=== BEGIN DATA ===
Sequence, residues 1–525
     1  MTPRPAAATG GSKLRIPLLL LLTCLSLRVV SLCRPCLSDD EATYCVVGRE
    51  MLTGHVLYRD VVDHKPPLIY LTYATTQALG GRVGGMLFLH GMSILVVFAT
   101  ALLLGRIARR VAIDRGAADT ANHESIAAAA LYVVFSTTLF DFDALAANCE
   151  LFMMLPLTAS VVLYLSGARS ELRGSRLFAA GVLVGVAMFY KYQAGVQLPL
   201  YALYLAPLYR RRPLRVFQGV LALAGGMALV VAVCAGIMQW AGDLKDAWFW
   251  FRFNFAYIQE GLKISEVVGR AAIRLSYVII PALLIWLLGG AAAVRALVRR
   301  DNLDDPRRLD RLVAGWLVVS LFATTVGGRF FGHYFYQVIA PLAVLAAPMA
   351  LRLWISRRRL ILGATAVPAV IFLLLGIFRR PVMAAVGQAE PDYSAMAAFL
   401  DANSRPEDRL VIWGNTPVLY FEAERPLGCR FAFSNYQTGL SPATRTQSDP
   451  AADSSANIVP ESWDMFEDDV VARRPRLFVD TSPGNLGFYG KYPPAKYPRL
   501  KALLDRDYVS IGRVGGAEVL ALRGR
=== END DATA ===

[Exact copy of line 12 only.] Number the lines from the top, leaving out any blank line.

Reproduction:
   501  KALLDRDYVS IGRVGGAEVL ALRGR